Royal Navy will be getting autonomous machines – for donkey work humans can’t be bothered with • The Register

DSEI 2021 The British Armed Forces will use robots as part of a future war – but mostly for “boring, dangerous and dirty” parts of military life, senior officers said.

At the London International Arms and Security Weapons Fair, two senior officers responsible for digitalisation and automation said the near future would be more Wall-E than Terminator -but fully automated war machines are no longer just science fiction material.

Brigadier General John Reed, deputy director of the Royal Navy’s navy, said in a speech that the military “needs to automate” so that it can “benefit from advances in robotics, artificial intelligence and machine learning.”

Instead of immediately deploying automated battlefield killing machines in the 2020s, the Royal Marine Corps officer said that using the robotics and autonomy of the British navy would be to perform “specific tasks that can be boring, dangerous or dirty and far more suitable for machines than people. “

The brigadier’s boss, Rear Admiral James Parkin, also referred to the “accelerating technological spread” of Britain’s enemies (returning to a speech by General Patrick Sanders identifying China and Russia) and quoted a frequently heard trope from the world of cybersecurity, as he said. “We must have the ability to create a huge burden on the costs and complexity of our adversaries” in the expected future of armed confrontation with hostile countries in the style of the Cold War.

In order not to let anyone know that the sloppy people will continue to fight all the battles of the United Kingdom in the wars of the 2020s and 1930s, Brigadier Reed said that the MoD seeks to build fully remote-controlled or autonomous military vehicles: “It doesn’t matter if it’s automated or autonomous, manned or developed, or somewhere in the middle. And at some point in the future, our platforms will be designed as unscrewed. “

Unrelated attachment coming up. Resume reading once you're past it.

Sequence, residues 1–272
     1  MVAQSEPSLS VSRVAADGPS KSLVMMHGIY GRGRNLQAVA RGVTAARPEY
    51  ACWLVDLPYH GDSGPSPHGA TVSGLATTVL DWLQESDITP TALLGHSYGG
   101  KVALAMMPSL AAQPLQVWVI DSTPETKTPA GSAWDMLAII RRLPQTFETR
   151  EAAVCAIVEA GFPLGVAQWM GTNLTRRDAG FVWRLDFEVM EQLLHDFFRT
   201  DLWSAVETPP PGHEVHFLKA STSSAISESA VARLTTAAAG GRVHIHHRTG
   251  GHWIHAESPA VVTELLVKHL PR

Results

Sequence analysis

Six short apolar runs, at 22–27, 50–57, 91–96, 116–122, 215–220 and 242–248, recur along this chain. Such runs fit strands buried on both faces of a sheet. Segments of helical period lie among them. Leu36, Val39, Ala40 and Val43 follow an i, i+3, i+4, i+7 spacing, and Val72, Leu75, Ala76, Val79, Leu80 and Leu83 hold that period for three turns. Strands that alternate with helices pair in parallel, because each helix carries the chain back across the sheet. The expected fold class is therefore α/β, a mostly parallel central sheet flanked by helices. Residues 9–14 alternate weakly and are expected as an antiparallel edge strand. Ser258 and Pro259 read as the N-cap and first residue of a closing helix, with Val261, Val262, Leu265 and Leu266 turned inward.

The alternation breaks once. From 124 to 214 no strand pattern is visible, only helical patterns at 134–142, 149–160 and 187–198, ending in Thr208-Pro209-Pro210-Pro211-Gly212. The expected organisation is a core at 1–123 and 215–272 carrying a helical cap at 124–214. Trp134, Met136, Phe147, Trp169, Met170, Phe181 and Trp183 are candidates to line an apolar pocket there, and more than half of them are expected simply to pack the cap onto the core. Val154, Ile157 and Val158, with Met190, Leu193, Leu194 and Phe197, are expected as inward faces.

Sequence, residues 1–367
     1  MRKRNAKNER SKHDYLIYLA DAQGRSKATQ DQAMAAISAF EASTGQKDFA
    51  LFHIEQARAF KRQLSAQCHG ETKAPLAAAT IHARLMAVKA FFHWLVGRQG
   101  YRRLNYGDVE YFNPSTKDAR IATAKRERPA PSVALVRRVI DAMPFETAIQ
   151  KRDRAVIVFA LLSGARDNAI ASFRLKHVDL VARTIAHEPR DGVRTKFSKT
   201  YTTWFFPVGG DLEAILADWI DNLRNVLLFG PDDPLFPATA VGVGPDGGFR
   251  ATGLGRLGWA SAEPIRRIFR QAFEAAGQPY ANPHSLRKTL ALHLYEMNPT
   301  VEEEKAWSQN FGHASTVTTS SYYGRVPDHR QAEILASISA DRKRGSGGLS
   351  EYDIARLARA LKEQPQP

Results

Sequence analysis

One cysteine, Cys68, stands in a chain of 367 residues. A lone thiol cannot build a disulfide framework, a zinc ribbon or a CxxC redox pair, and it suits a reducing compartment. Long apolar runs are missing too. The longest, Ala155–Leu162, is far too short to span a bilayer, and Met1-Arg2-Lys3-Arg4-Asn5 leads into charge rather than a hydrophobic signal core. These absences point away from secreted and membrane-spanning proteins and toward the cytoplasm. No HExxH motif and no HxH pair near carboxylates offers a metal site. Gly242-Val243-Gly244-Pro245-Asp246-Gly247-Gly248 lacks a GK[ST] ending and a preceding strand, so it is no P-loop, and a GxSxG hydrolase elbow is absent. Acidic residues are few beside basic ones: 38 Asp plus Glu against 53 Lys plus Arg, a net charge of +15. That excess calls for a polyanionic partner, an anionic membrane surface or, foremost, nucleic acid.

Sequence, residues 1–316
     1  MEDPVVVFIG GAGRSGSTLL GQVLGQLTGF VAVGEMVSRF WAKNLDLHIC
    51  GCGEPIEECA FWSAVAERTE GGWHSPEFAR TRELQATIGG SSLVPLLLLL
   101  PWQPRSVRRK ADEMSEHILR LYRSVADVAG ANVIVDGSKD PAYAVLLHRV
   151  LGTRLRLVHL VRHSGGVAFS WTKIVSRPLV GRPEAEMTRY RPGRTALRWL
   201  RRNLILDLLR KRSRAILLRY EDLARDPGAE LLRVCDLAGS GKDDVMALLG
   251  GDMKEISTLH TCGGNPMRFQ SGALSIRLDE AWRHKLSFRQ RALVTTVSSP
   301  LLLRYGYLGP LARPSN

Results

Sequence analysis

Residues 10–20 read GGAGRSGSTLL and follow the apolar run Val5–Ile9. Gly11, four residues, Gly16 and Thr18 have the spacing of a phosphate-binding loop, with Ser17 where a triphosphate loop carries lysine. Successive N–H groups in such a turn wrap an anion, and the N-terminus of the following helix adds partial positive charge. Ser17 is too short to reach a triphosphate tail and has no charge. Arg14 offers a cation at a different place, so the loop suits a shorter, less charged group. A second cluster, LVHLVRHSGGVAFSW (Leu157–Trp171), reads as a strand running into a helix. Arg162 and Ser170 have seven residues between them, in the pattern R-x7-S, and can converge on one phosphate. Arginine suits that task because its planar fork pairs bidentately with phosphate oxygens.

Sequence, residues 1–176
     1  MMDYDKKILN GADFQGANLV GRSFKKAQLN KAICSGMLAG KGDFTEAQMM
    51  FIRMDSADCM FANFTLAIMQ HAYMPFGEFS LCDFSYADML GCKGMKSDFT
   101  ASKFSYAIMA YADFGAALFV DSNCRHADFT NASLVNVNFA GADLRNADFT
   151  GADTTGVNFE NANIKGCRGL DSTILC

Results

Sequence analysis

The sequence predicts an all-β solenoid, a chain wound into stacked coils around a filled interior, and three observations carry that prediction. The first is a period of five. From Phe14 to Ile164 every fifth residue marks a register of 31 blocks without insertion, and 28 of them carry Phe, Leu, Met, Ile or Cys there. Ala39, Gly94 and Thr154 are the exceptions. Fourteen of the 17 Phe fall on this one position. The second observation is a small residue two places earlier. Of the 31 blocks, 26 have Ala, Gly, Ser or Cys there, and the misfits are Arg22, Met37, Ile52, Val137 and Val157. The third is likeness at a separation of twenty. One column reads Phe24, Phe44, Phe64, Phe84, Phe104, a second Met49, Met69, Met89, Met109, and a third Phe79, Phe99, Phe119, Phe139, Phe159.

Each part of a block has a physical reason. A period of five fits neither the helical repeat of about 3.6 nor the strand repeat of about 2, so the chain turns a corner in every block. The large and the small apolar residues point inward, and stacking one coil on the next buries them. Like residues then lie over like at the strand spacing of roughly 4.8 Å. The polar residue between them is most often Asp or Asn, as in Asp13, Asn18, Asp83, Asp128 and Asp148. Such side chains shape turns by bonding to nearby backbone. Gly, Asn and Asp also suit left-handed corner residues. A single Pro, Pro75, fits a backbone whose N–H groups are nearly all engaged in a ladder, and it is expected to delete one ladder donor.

However, automation is not new. Admiral Parkin pointed out that the radar and sonar sensors of current warships and submarines (and aircraft) have been “automated in many ways for decades”, stressing that digital signal processing equipment is used to process and improve raw input from the middle of the 20th century.

“We are always quite confident [that] the weapon … there will be a man on the line. But I don’t think we will ever get to a stage, certainly not in my life, where we will feel comfortable with the decision-making function to be automated, “the middle-aged admiral continued, referring to the current MoD policy that people always decide whether to pull the trigger.

Britain’s ambitions for autonomous war machines have stretched for years, with research in the field of automation highlighted by the campaigns against robot war machines in 2018. DSEI today continued this enthusiasm for research and development, with the stands of all armed forces, as well as the Ministry of Defense boasting advances in automated technologies to support soldiers, sailors and frontline pilots.

The ministry is also directing more and more money to research and development, explicitly targeting new batches of research funding outside its usual audience of MoD providers.

Fully automated war machines are “already something”, as young people say: earlier this year, the UN published a report claims that quadcopters Turkish production was used to attack militants in Libya. The temptation for countries with little moral scruples to officially adopt this method of attack will be strong: the technology exists, it is easily accessible, and the average teenager understands how to control (and, if necessary, program) a drone.

At least for now, it seems that Britain will not follow this path. ®